Harper, in an interview Monday with CBC, was asked if the federal government would accept a negative decision by the National Energy Board that is now conducting hearings into the proposed Enbridge megaproject to ship oilsands bitumen by pipeline from Alberta to port in Kitimat, B.C., for export by tanker to Asia.
"Well, obviously, we'll always take a look at the recommendation. We take the recommendations of environmental reviews very seriously," Harper said.
"And this government has in the past changed projects or even stopped projects if reviews were not favourable, or (the government) indicated that changes had to be made. So we'll take a close look at what the conclusions are."
But two academics familiar with the NEB process said Harper has misportrayed the relationship between cabinet and the independent agency.
"Harper did not represent the structure of authority in this case correctly," said George Hoberg, a professor at the University of B.C.'s department of forest resources management.
He said the Joint Review Panel that is assessing the project under both the NEB Act and the Canadian Environmental Assessment Act "is the final decision-maker, not the cabinet."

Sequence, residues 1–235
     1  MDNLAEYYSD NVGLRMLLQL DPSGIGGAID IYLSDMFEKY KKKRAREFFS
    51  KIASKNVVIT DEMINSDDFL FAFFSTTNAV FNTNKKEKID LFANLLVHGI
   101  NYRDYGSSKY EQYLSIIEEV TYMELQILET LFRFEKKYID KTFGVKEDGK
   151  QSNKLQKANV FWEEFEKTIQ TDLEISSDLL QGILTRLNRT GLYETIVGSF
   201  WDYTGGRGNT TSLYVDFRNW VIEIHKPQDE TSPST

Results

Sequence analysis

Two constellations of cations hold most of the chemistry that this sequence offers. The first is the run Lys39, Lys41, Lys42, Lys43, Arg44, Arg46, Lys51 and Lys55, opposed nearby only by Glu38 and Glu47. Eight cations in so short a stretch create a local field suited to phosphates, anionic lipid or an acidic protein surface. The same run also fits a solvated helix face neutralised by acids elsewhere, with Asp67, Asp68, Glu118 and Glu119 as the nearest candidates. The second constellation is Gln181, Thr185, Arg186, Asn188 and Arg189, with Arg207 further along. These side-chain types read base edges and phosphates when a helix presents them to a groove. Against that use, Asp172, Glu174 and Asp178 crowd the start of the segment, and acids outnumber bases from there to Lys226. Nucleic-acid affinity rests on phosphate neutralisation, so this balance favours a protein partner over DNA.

He said the NEB can't give the project the go-ahead by issuing a Certificate of Public Convenience and Necessity without cabinet approval, which means the government could overrule a positive decision.
"But cabinet can't overrule a 'No' decision without new legislation," Hoberg said.
University of Calgary law professor Nigel Bankes agreed, saying that while negative NEB decisions are "very rare," the outcome represents the "end of the line" unless the government brings in new legislation.
An NEB spokesperson couldn't be reached for comment Tuesday, but in November, Carole LegerKubeczek confirmed that cabinet is only involved in approving or disapproving a decision if the NEB recommends the project get the go-ahead.
But she noted in an email that the government, or anyone, could formally ask the board to reconsider its decision.
Source: leader post